Coffee Arrives in India

Ranking high among the coffee legends of old (alongside such revered tales as the discovery of coffee by the goatherd Kaldi and French Lieutenant Mathieu de Clieu’s adventurous journey to Martinique with the New World’s first coffee tree) is the account of the Muslim saint Baba Budan.

Legend has it that Baba Budan, who hailed from India, came across coffee in Yemen around 1600 A.D. during his travels to the Holy Land. He found the drink exhilarating and wanted to introduce it to his native country. But European traders and other travelers were forbidden to take “live” coffee beans out of Yemen (the commodity was considered too valuable). The beans had to be partially roasted or partially boiled first to prevent enterprising outsiders from growing the crop themselves.

But Baba Budan ignored the mandate and strapped seven coffee seeds around his waist when leaving the country. Upon returning home, he planted these seeds around his mountain hut near Chikmagalur in South India, now considered the cradle of Indian coffee. Descendants of these early plants still stand in the coffee-growing regions of Coorg, Mysore, and Nilgiris.

The Dutch, who occupied parts of India in the 17th century, are believed to have spread cuttings from Baba Budan’s original plants throughout East Asia. These cuttings are believed to be the progenitors of all coffee in Java, Sumatra, Sulawesi, Bali, and other Indonesian islands. Many also believe that much of the coffee in Central and South America, along with Mexico, is directly descended from a young and vigorous coffee plant from Java (itself related to plants in India) that the Dutch gave to King Louis XIV of France in 1714.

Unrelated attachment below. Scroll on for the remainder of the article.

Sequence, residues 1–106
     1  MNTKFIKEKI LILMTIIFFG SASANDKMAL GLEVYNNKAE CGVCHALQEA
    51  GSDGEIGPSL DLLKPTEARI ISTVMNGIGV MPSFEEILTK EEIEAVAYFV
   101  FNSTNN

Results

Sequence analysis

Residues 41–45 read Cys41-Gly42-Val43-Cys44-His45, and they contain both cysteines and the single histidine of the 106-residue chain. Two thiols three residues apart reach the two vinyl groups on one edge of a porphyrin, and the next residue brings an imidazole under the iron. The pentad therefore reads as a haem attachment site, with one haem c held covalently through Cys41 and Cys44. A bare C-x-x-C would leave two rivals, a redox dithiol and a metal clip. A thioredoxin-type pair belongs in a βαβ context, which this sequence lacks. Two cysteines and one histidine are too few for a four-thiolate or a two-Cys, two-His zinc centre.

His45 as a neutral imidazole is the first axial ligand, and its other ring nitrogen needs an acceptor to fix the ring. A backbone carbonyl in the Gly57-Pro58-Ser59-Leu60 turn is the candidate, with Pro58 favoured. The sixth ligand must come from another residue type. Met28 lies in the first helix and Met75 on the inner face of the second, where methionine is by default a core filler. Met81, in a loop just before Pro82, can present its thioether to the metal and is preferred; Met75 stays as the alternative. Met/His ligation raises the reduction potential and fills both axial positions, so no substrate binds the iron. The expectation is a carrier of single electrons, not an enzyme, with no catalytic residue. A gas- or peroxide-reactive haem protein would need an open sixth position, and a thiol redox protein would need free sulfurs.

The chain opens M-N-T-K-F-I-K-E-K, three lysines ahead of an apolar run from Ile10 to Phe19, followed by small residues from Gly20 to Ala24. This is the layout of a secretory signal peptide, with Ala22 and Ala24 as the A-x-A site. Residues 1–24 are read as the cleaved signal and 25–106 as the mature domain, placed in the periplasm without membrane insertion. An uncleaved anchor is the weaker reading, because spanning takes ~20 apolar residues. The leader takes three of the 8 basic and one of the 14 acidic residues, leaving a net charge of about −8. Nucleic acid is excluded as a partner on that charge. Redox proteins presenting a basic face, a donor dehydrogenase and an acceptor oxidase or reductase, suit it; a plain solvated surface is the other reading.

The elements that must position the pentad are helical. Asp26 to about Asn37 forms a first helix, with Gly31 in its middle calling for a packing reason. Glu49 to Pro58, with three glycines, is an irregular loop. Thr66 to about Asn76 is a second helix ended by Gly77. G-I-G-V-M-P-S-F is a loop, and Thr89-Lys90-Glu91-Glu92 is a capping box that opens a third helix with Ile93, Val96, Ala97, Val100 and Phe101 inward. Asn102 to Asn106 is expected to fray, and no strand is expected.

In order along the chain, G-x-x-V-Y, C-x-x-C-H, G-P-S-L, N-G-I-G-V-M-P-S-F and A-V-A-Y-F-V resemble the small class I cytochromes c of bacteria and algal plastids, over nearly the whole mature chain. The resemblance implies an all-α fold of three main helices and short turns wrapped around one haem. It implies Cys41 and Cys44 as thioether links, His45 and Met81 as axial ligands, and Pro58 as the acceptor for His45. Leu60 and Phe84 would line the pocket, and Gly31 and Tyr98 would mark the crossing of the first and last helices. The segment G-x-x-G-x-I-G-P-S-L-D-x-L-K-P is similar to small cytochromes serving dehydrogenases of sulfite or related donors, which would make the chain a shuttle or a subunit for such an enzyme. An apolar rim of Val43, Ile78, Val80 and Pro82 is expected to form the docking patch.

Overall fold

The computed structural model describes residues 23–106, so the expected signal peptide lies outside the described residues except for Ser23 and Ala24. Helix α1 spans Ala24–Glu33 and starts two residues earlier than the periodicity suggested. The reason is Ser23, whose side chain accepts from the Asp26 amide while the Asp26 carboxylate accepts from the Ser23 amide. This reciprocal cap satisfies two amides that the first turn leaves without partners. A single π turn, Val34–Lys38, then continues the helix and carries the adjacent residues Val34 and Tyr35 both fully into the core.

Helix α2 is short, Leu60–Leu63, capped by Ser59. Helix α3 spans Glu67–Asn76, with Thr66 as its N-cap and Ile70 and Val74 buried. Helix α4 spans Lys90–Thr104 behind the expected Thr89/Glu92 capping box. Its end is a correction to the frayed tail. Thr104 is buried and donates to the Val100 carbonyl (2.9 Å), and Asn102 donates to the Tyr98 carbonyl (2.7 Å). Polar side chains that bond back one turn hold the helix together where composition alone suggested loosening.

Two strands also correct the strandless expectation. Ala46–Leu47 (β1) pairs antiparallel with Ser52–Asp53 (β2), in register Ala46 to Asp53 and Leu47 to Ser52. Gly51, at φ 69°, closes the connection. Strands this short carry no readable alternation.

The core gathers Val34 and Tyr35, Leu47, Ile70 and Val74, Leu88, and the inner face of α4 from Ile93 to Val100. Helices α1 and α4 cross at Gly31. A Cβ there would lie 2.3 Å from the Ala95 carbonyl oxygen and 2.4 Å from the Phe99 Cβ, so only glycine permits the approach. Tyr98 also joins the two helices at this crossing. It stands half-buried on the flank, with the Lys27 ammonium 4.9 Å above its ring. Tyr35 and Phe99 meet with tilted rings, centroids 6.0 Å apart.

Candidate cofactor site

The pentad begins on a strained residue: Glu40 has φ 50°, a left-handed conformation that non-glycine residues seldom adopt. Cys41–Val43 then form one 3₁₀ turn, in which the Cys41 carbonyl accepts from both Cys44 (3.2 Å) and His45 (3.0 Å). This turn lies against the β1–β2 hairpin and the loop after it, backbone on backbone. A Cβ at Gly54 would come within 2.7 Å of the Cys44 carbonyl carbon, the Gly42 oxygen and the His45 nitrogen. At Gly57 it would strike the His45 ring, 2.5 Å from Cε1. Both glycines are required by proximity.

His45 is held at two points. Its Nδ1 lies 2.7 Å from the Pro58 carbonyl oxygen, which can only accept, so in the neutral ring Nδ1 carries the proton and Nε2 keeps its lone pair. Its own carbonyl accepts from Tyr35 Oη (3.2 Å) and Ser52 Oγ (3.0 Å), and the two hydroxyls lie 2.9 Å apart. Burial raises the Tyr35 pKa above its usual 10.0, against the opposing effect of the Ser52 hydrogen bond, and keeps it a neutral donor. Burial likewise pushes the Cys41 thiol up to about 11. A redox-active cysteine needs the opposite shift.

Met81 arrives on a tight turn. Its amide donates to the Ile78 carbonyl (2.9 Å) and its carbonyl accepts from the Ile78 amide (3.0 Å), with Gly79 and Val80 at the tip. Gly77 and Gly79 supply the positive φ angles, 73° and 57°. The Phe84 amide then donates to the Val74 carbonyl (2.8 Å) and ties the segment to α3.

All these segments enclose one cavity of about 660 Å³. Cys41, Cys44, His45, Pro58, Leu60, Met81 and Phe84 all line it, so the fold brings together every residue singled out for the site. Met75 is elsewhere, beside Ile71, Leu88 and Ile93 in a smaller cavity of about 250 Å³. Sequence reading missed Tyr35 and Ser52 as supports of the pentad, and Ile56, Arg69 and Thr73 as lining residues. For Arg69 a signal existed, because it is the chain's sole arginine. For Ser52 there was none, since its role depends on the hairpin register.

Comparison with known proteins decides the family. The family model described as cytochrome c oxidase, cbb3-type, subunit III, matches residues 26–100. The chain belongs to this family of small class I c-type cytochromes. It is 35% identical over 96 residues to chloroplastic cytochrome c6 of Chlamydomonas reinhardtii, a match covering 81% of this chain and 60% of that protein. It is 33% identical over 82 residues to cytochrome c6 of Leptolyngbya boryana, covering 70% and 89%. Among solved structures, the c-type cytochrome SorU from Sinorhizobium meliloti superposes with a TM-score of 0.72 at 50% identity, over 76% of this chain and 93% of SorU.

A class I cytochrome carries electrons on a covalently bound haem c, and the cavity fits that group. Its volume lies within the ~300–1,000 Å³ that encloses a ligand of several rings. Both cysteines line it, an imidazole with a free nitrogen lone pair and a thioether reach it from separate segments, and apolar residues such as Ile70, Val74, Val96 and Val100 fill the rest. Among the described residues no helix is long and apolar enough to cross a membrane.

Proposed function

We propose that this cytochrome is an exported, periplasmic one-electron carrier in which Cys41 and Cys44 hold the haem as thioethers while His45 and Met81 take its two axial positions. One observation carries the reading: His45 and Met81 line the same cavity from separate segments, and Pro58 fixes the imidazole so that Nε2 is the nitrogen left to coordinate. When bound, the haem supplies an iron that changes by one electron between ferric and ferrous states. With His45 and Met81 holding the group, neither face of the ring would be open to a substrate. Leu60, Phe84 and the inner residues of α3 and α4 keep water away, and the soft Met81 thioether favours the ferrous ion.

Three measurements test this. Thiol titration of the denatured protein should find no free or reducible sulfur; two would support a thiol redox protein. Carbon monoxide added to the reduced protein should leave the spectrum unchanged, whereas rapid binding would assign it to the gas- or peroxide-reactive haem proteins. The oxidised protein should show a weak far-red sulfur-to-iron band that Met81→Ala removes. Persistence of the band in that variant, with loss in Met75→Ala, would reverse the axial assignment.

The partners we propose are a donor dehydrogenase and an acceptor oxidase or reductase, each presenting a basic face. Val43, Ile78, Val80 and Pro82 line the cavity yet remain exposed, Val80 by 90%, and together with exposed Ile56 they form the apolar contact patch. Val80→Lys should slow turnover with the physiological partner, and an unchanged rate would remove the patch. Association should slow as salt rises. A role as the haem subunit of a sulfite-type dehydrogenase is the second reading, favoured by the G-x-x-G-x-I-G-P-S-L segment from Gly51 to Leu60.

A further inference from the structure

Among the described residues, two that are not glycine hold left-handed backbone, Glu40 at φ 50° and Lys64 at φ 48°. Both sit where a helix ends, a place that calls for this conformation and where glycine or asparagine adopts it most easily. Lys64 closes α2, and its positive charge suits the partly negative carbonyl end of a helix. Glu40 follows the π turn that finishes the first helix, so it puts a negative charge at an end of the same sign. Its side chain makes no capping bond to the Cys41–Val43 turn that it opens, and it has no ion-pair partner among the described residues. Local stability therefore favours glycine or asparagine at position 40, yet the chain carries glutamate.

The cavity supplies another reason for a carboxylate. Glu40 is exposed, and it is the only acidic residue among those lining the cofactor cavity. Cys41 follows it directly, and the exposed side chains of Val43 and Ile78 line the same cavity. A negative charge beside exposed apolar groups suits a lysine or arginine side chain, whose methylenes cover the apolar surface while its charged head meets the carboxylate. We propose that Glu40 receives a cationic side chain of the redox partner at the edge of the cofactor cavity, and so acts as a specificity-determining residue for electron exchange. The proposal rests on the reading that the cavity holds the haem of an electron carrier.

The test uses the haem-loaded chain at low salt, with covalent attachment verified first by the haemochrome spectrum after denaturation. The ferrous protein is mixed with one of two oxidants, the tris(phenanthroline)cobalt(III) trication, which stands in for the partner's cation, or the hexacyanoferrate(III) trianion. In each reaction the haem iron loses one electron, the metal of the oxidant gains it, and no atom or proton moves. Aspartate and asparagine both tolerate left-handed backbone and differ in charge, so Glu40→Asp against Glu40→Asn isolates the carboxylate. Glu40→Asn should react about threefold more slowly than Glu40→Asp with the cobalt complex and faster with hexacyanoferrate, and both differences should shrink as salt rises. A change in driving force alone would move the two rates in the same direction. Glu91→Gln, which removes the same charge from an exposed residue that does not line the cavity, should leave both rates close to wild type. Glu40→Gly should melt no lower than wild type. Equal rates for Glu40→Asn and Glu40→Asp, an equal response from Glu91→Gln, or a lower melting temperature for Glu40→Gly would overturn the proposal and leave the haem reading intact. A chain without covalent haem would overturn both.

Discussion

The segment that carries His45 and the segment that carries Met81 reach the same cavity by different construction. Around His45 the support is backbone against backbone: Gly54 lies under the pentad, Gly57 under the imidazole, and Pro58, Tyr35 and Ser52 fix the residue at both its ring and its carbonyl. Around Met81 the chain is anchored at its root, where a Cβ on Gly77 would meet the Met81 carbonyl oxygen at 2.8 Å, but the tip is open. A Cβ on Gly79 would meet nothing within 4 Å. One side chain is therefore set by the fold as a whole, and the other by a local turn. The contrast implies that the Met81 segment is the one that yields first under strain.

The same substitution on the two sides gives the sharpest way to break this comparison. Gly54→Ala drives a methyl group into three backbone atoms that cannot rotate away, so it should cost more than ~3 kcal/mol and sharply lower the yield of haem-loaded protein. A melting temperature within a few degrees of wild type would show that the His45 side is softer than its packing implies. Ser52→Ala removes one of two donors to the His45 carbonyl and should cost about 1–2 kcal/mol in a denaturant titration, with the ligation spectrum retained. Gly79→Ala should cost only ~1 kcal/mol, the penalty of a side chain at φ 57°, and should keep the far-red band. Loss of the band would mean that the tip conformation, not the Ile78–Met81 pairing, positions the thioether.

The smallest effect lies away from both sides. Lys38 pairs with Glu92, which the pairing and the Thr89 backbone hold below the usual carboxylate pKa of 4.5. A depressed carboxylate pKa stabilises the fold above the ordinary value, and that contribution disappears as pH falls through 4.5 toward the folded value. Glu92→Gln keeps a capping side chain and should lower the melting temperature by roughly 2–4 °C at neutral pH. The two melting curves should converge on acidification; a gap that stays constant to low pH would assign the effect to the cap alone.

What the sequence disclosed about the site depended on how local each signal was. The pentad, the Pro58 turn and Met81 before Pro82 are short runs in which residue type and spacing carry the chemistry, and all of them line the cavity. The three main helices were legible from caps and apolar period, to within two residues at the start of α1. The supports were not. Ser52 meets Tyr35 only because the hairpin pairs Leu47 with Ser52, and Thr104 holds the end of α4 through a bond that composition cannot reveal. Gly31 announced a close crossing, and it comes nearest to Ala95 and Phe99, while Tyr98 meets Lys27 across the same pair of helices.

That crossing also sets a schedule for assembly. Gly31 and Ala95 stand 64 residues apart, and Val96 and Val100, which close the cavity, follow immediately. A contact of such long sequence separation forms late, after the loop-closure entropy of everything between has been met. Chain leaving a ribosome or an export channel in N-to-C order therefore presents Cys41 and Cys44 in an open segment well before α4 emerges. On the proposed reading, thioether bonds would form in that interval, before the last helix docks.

India started producing commercial coffee more than 160 years ago when the British began establishing plantations throughout South India. They found the tropical climate, high altitude, sunny slopes, ample rainfall, humus-rich soil, and well-drained sub-soil ideal for coffee cultivation. India has since been a consistent producer and exporter of high-quality coffees, of which well-known coffee authority William H. Ukers once wrote, “Indian coffees are noted for their blue color, cleanness of bean, and fine liquoring qualities. … The producers have always taken a stand on quality, and, accordingly, Indian coffee has commanded a premium on the European market.”